Miscarriage is very common – one in four pregnancies end in miscarriage – but most people suffer in silence, without their family and friends knowing about it. Most miscarriages happen in the first trimester, before women are ‘showing’ and before most people have announced the pregnancy. Once it’s happened, it can be too painful for people to share their stories, especially with people who didn’t know about the pregnancy in the first place. Yet this is the time they need support the most.
Unfortunately, doctors unwillingly and unknowingly contribute to the isolation and silent suffering around miscarriage because most tell their patients not to share the pregnancy news until after the first trimester. As a miscarriage and fertility specialist, this is how I was trained to counsel patients, and I’ve said it for years. When patients are thrilled with a reassuring first trimester ultrasound (that shows an appropriate size of pregnancy and a fetal heartbeat), we’re taught to share in the joy but ensure ‘cautious optimism’ and warn patients that miscarriage can still happen. When patients ask, “When can I announce the pregnancy?” we usually say, “Wait until after 12 weeks, just in case.”
Just in case of what? Just in case the pregnancy stops developing and you have to go back and tell all of those people you joyfully announced your news to that actually, you had a miscarriage. The doctor’s advice to wait to announce a pregnancy is given with good intentions and supposedly with the patient’s best interest in mind. However, after years of caring for women with recurrent miscarriage, I think that as doctors, we’re making things worse. When patients need support the most, they are suffering alone. This pattern contributes to the stigma around miscarriage, and we can change that.
Now when patients ask, “When can I announce the pregnancy?” I say, “When you’re ready” and “Consider sharing it with close friends and family first.” I care for many patients with recurrent miscarriages, and everyone is different. A new pregnancy for couples with recurrent pregnancy loss is a new opportunity to suffer – the joy of a positive pregnancy test is numbed by their past pain. I recommend seeking support and focusing on self-care during the process. Many are hesitant to share their miscarriages with family and friends because they aren’t sure what people will say. And people can (unwillingly and unknowingly) say unhelpful things like ‘It’s meant to be,’ ‘It’s God’s plan,’ ‘Be patient,’ ‘Just relax.’ However, my patients who do share will often find comfort in the outpouring of support and willingness of others to share their own experiences. Many patients discover that their own mothers, sisters, friends, and colleagues had miscarriages and had never shared because it just never came up or they didn’t know what to say.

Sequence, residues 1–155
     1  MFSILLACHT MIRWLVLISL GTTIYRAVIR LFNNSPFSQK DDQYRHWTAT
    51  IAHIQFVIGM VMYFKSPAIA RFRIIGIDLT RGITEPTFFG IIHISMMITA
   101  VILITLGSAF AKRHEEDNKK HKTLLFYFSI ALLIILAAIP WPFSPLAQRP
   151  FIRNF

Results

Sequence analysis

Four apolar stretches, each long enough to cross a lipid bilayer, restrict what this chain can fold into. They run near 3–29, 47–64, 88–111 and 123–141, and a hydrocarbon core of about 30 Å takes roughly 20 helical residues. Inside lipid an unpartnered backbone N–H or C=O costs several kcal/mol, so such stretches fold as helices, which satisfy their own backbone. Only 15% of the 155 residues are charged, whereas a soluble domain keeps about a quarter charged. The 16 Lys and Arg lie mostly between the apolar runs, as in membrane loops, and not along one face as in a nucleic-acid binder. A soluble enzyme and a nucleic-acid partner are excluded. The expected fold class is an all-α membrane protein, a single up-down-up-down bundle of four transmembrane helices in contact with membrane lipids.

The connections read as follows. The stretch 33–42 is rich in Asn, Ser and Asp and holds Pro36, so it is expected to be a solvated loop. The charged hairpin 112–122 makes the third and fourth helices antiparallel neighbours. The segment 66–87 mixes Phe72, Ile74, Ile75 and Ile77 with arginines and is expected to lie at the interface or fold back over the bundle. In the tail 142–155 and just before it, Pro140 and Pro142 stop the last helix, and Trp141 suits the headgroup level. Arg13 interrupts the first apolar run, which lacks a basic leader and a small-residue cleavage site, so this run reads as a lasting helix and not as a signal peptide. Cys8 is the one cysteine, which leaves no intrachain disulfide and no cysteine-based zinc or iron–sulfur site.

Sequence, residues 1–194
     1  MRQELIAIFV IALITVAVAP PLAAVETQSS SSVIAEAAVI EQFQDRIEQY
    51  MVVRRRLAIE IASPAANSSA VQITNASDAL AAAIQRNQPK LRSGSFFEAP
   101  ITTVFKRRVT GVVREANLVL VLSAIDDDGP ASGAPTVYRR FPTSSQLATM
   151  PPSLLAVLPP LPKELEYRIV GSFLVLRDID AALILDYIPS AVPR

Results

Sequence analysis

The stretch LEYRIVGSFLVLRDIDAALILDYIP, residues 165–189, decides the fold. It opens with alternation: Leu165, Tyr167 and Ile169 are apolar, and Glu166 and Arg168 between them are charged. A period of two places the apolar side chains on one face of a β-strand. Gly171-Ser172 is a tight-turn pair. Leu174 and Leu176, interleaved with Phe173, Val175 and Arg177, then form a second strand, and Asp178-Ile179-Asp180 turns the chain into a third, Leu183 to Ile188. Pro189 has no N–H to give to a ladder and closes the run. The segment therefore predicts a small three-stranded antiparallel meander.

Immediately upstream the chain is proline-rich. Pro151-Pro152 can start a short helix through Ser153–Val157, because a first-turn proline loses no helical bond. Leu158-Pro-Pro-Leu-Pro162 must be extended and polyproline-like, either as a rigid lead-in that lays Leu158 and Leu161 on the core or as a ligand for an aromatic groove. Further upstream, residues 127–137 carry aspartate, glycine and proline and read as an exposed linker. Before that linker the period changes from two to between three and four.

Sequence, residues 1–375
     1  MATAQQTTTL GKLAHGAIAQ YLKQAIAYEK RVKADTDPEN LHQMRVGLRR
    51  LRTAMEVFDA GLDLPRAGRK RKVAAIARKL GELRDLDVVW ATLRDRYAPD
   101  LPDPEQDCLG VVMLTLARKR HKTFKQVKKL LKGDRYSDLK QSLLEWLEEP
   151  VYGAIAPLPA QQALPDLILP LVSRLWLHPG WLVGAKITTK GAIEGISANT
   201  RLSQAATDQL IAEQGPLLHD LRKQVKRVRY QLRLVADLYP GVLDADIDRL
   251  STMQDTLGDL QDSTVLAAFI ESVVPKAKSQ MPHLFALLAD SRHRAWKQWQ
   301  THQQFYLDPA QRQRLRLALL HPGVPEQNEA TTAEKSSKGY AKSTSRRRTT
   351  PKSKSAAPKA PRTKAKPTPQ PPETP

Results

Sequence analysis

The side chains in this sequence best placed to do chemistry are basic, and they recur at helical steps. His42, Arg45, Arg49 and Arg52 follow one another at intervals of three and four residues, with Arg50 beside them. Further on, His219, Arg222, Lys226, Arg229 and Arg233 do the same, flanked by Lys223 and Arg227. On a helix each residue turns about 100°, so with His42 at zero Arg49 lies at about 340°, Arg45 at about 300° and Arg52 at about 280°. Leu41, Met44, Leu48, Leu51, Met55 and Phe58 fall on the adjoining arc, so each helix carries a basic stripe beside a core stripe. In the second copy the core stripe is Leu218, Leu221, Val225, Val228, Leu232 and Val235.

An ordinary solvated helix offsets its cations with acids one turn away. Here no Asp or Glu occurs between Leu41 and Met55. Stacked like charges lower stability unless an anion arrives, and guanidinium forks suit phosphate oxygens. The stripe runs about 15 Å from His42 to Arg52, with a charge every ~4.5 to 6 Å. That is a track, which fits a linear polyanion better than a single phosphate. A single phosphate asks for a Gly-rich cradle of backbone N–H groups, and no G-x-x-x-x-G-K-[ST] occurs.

Sharing allows for couples to feel less isolated, less ashamed about miscarriage. Sharing is not for everyone, but it can be a positive step towards decreasing the stigma and increasing awareness for how common miscarriage can be. People are starting to be more open about miscarriage, and we’ve watched several celebrities talk openly about their miscarriages: Beyoncé, Nancy Kerrigan, Gwyneth Paltrow, Courteney Cox, Celine Dion, and more.
A new Instagram account is all about sharing the experience of miscarriage: #IHadaMiscarriage. Dr. Jessica Zucker, a Los Angeles-based psychologist who had her own second trimester miscarriage, started the account and has had an overwhelmingly positive response from women around the world who are comforted by her message. To People, Dr. Zucker emphasizes “the more people share their stories, the more we continue to dispel the stigma and shame and feelings of guilt or even self-blame that can arise.”
Miscarriage is common, and it’s emotionally painful. Let’s stop hiding from it. The more we can share and support each other the fewer people will suffer in silence and the stigma around miscarriage can end.